The Interpretation of Dreams, by Sigmund Freud

Preface to the Third German Edition

WHEREAS there was a space of nine years between the first and second editions of this book, the need of a third edition was apparent when little more than a year had elapsed. I ought to be gratified by this change; but if I was unwilling previously to attribute the neglect of my work to its small value, I cannot take the interest which is now making its appearance as proof of its quality.

The advance of scientific knowledge has not left The Interpretation of Dreams untouched. When I wrote this book in 1899 there was as yet no "sexual theory," and the analysis of the more complicated forms of the psychoneuroses was still in its infancy. The interpretation of dreams was intended as an expedient to facilitate the psychological analysis of the neuroses; but since then a profounder understanding of the neuroses has contributed towards the comprehension of the dream. The doctrine of dream-interpretation itself has evolved in a direction which was insufficiently emphasized in the first edition of this book. From my own experience, and the works of Stekel and other writers, 1 I have since learned to appreciate more accurately the significance of symbolism in dreams (or rather, in unconscious thought). In the course of years, a mass of data has accumulated which demands consideration. I have endeavored to deal with these innovations by interpolations in the text and footnotes. If these additions do not always quite adjust themselves to the framework of the treatise, or if the earlier text does not everywhere come up to the standard of our present knowledge, I must beg indulgence for this deficiency, since it is only the result and indication of the increasingly rapid advance of our science. I will even venture to predict the directions in which further editions of this book — should there be a demand for them — may diverge from previous editions. Dream- interpretation must seek a closer union with the rich material of poetry, myth, and popular idiom, and it must deal more faithfully than has hitherto been possible with the relations of dreams to the neuroses and to mental derangement.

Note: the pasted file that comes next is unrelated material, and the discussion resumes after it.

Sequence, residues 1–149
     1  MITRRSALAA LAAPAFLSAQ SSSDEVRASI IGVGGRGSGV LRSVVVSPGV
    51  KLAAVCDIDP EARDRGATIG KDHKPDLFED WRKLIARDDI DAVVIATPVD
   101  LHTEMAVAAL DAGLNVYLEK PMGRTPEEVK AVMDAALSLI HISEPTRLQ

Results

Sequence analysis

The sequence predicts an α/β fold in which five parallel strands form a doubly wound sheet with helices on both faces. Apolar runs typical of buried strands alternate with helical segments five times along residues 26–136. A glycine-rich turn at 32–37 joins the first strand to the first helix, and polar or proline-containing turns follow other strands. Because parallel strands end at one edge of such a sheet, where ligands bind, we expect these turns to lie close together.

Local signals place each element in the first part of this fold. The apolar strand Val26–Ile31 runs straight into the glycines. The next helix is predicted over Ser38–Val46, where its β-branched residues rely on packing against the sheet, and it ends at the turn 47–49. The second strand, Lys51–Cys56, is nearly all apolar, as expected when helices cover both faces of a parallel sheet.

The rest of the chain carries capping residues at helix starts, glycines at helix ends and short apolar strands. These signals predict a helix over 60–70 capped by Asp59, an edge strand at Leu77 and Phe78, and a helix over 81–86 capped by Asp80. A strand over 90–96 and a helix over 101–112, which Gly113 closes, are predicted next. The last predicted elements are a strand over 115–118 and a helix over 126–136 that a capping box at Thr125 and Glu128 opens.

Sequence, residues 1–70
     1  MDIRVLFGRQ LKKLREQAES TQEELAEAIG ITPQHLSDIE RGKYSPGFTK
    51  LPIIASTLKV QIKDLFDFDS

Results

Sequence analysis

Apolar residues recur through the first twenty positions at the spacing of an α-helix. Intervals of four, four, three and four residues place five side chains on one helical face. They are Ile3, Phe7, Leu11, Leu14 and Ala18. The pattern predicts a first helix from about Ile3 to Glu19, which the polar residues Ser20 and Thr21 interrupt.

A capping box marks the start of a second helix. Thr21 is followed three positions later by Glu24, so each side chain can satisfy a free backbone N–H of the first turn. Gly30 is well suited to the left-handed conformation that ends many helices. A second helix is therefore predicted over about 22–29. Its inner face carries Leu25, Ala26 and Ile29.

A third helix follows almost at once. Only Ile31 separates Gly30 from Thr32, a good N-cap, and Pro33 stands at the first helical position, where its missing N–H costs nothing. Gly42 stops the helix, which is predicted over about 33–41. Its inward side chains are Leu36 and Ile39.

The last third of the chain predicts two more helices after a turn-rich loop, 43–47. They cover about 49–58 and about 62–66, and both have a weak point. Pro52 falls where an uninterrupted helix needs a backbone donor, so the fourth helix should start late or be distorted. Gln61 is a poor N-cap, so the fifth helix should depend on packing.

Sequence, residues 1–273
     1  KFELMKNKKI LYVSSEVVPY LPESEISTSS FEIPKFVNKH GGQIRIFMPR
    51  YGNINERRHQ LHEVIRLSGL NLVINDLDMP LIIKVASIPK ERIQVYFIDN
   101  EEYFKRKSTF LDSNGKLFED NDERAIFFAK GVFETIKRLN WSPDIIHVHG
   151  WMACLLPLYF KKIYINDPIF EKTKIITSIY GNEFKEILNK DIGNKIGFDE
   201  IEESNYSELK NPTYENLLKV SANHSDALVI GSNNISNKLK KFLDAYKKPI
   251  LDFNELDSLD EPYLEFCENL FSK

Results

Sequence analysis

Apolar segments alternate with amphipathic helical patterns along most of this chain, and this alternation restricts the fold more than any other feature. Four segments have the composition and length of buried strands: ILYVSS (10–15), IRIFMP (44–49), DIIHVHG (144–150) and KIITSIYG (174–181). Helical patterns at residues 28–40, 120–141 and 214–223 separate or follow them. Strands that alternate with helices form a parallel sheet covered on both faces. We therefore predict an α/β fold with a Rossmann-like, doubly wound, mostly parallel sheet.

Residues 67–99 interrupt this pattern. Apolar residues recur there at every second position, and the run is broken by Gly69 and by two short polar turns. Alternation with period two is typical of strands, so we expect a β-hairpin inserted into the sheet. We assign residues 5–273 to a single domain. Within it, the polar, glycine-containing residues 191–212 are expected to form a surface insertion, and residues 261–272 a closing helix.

Herr Otto Rank has afforded me valuable assistance in the selection of supplementary examples, and has revised the proofs of this edition. I have to thank him and many other colleagues for their contributions and corrections.

Vienna, 1911

1 Omitted in subsequent editions.

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